Robotic assembly Lines
This week’s post is presented by Acieta, a robotics integration and automation company with facilities in Wisconsin and Iowa. This article lists some of the advances that have made the use of robots common in various manufacturing areas.
Robots On The Assembly Line
Dispensing a bead of glue is a tricky task, the hand wobbles, speed changes and bead shape varies. Achieving the same result each time is impossible, humans have incredible capabilities but perfect consistency isn’t one of them. Precision assembly and dealing with components almost too small to see is incredibly difficult — these situations call for robotic assembly.
Using Robots for Automated Assembly
Growing numbers of manufacturers are adopting robotic assembly. Companies in the automotive industry see robotic assembly as a way to improve quality and safety, add flexibility, and address employee turnover and skills shortages.
The consumer electronics industry adds another benefit to this list: with increasing miniaturization only robots have the precision required for assembly work. Other industry sectors are adopting robotic assembly, too. Lawn equipment, domestic appliances and medical device manufacturing are all starting to reap the benefits.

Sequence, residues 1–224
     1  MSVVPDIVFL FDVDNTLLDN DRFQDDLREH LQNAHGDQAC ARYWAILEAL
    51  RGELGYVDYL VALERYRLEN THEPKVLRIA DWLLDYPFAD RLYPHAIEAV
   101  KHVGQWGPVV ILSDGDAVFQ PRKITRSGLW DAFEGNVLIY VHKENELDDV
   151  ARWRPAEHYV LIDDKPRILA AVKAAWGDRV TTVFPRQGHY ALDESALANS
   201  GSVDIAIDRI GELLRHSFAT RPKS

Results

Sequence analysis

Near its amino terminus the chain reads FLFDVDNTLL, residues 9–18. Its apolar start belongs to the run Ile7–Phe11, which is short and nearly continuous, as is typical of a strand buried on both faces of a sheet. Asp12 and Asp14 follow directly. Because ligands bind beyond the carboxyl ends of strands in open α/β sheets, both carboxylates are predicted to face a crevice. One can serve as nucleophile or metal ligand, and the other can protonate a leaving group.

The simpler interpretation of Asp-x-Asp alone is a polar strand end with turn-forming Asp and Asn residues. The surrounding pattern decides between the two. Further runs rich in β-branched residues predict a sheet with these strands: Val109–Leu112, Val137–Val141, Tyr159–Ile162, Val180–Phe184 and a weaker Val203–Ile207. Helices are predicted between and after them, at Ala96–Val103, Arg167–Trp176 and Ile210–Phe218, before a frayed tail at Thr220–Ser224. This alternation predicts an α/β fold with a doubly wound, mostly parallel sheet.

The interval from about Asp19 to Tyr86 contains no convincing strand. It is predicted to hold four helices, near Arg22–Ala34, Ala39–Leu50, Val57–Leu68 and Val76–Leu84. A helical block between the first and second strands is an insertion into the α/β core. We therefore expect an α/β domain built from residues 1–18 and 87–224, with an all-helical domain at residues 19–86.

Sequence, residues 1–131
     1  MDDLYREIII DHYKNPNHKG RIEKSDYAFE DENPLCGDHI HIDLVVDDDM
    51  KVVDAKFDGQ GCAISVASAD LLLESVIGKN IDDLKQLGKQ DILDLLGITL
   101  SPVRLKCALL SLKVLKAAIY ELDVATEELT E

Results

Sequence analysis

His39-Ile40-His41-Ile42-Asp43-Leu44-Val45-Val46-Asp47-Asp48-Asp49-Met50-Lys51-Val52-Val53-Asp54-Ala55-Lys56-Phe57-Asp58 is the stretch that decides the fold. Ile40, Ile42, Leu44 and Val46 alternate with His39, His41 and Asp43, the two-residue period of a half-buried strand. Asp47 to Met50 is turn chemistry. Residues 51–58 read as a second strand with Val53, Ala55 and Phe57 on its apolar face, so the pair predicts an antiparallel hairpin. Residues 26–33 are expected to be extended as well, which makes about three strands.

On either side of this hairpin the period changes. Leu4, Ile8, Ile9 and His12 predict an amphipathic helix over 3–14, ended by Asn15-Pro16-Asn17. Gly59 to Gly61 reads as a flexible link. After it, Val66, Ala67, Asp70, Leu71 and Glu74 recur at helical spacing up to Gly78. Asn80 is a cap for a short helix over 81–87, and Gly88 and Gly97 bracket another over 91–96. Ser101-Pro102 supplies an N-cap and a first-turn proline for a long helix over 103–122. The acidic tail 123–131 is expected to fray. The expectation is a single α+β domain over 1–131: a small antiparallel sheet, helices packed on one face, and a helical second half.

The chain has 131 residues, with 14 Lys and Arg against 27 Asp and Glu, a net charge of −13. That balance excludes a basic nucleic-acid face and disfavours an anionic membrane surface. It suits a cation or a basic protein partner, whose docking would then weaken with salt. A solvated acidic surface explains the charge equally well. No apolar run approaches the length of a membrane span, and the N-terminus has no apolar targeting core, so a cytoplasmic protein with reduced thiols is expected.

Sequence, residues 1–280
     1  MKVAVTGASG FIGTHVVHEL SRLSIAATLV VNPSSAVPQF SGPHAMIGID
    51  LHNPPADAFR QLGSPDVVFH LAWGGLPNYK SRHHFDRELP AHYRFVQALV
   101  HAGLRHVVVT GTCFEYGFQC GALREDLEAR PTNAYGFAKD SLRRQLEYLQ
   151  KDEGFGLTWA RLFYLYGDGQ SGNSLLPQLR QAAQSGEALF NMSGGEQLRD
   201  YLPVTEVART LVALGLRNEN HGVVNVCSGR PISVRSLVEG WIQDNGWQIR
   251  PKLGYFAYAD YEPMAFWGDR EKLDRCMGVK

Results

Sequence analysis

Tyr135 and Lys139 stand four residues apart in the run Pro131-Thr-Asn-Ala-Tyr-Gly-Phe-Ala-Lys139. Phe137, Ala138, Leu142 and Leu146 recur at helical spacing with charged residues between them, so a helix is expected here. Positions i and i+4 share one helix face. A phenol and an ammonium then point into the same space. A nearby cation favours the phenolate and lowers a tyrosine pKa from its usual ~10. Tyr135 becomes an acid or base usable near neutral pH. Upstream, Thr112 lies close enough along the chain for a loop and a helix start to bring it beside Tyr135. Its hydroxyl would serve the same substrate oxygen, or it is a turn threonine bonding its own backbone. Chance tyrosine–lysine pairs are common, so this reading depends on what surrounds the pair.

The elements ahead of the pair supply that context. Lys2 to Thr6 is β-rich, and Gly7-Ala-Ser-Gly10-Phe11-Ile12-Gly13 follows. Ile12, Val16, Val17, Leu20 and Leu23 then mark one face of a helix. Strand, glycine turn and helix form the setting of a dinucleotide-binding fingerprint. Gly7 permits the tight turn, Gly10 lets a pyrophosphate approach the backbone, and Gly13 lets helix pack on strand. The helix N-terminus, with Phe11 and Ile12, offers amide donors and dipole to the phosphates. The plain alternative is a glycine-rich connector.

Product Lifecycles and Capital Investment
In industries like electronics, product lifecycles are measured in months rather than years. This makes it difficult to justify investment in dedicated assembly equipment. In contrast, robots are highly flexible and quickly reconfigured for a new application. This reduces capital investment risk and can lower overall costs.
The automotive industry also utilizes robotic automation in a second way; whereas a body-in-white assembly line could only produce a single vehicle, using robots for assembly, spot welding, laser welding, brazing and polishing means multiple body styles can be assembled on a single line — one after another.
Robots aren’t new, so it’s fair to ask what’s changed to enable the growth in assembly line applications. The answer is sensor technology; both machine vision and force sensing. These technologies have matured, becoming easier and cheaper to use. As a result, many robot assembly applications now utilize one or both.
Similar to human eyes, vision systems locate parts in the robot’s working envelope — allowing the controller to accommodate variation in part placement by modifying programmed coordinates. Currently, most applications are 2-D — however 3-D vision, using stereo cameras, laser triangulation or pattern projection, is becoming popular.
What’s more, force sensing helps replicate how people put things together. A shaft might be pushed into a bore until resistance is encountered. The operator or robot then changes the insertion angle or rotates the shaft, sensing resistance and adjusting until the piece goes home.